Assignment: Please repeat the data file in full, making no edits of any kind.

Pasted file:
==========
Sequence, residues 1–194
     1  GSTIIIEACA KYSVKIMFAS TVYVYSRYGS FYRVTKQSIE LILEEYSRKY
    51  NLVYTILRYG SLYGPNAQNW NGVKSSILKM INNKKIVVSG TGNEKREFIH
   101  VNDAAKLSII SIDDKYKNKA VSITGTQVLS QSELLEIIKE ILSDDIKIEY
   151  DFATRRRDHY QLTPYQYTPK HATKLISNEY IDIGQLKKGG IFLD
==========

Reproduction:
Sequence, residues 1–194
     1  GSTIIIEACA KYSVKIMFAS TVYVYSRYGS FYRVTKQSIE LILEEYSRKY
    51  NLVYTILRYG SLYGPNAQNW NGVKSSILKM INNKKIVVSG TGNEKREFIH
   101  VNDAAKLSII SIDDKYKNKA VSITGTQVLS QSELLEIIKE ILSDDIKIEY
   151  DFATRRRDHY QLTPYQYTPK HATKLISNEY IDIGQLKKGG IFLD